One notch above a caricature, Marge is a woman who at first seems to be too “slow” and polite to a fault. Like her plodding Scandinavian fellows, she drawls out passionlessly lines like “Jeez, that’s a good lead, but I’m not sure that I agree with you one hundred percent on your police work there.”

At first, the audience laughs at Marge, but by the end, as she lies in bed with her husband (who paints stamps), we realize that this seemingly silly woman is the story’s only positive and genuinely human character, embodying honesty and decency. Her warm presence lights up the otherwise dark and ultra-violence picture.

She and the film reaffirm the sacred value of life, which is underscored by her pregnancy, perhaps compensating for the various deaths and executions along the way.

Ultimately, it’s Marge’s decency that rescues Fargo from deteriorating into a film that’s limited in scope–based on a one-note joke, though the joke is nasty a and good one.

Happy Ending?

The last scene is set inside the Gundersons household, suggesting some sort of stable domesticity and a return to “normalcy.”  Norm (John Carroll Lynch), Marge’s husband, whose mallard painting has been selected for a 3-cent postage stamp, complains that his friend’s painting will be on first-class stamp. Marge then reassures Norm that lots of people still use 3-cent stamps, particularly when the price of postage increases and they need to make up the difference.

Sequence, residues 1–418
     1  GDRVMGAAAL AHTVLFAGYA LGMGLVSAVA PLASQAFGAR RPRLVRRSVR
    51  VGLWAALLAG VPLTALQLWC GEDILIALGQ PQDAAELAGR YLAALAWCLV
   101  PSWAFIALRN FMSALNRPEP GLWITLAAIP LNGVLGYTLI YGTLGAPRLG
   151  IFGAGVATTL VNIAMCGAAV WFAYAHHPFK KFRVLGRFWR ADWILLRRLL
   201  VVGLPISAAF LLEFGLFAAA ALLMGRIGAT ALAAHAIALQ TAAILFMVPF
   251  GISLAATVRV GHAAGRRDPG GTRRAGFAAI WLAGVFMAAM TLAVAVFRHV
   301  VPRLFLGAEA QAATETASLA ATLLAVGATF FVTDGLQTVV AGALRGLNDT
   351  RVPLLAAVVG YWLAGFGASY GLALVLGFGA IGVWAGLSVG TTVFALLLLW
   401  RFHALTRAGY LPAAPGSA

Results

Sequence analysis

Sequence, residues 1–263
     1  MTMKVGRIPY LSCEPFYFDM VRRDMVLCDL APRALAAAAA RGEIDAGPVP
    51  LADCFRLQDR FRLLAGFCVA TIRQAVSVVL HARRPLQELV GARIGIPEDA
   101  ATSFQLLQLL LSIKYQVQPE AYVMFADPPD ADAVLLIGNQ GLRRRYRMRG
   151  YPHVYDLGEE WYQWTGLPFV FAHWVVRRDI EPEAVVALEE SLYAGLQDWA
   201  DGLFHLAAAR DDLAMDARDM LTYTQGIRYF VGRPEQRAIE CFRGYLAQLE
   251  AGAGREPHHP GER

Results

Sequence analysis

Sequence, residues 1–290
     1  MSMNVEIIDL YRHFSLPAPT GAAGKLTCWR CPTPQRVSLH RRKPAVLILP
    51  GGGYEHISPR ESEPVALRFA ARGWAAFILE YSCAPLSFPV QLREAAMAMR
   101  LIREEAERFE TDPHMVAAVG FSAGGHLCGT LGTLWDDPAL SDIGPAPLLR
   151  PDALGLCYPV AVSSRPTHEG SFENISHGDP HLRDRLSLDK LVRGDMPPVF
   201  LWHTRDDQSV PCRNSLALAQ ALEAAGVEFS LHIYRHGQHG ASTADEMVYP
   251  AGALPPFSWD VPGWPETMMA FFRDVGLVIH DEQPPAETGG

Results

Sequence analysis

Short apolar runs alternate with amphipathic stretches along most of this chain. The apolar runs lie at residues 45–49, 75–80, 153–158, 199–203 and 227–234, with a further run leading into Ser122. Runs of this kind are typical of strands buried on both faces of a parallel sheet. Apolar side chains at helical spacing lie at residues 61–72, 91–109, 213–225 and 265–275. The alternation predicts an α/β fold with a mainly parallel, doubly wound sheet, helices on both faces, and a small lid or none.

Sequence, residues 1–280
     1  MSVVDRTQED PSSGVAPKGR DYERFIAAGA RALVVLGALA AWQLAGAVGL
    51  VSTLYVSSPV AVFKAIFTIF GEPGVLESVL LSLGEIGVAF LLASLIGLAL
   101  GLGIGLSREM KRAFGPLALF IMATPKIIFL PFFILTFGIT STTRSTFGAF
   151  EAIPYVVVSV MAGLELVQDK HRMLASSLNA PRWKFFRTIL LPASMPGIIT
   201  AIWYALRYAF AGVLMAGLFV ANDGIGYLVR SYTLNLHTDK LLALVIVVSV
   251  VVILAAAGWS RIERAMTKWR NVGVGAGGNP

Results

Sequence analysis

The couple now happily anticipates the birth of their first child in two months.

Visually, Fargo is stunning, particularly in its exterior scenes. The opening scene with its blinding blizzard, showing a single car driving in a vast snowy landscape, is indelible.  This single shot demonstrates the consistently bleak yet strikingly beautiful imagery, courtesy of genius cinematographer and reliable Coens collaborator, Roger Deakins.

Fargo premiered in the U.S. on March 8, 1996, two months before being invited to play in competition at the 1996 Cannes Film Fest, where Joel Coen won the Palme d’Or for Best Director. 

The film was commercially profitable: Made at a budget of $7 million, it earned over $60 million at the box-office.


Frances McDormand as Marge Gunderson
William H. Macy as Jerry Lundegaard
Steve Buscemi as Carl Showalter
Peter Stormare as Gaear Grimsrud
Harve Presnell as Wade Gustafson
Kristin Rudrüd as Jean Lundegaard
Tony Denman as Scotty Lundegaard
Steve Reevis as Shep Proudfoot
Larry Brandenburg as Stan Grossman
John Carroll Lynch as Norm Gunderson
Steve Park as Mike Yanagita
José Feliciano as himself (cameo)

Critical Reception:

Though highly acclaimed by most reviewers, two major critics stood out in their negative assessment.

Richard Corliss of “Time” magazine summed up his reaction in one witty sentence: “All attitude, and low aptitude.”

Dave Kehr was more specific in his “New York Daily Post” review: “Everything is calculated  to make the viewers superior to the claddish, geeky characters.”


Music by Carter Burwell
Cinematography: Roger Deakins
Edited by Roderick Jaynes
Production company: PolyGram Filmed Entertainment, Working Title Films
Distributed by Gramercy Pictures
Release date: March 8, 1996
Running time: 98 minutes

Budget: $7 million
Box office $60.6 million